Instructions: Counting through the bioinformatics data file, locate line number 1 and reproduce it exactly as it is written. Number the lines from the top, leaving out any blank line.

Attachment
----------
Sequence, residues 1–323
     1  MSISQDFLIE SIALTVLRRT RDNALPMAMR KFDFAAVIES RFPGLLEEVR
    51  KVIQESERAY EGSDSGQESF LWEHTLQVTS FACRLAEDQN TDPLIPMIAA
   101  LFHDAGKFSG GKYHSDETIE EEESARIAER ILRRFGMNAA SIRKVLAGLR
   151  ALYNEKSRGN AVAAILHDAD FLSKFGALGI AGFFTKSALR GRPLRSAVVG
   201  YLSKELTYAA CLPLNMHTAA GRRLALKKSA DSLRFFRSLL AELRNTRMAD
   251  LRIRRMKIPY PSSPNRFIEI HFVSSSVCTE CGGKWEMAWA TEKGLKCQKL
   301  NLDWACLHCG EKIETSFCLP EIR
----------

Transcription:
Sequence, residues 1–323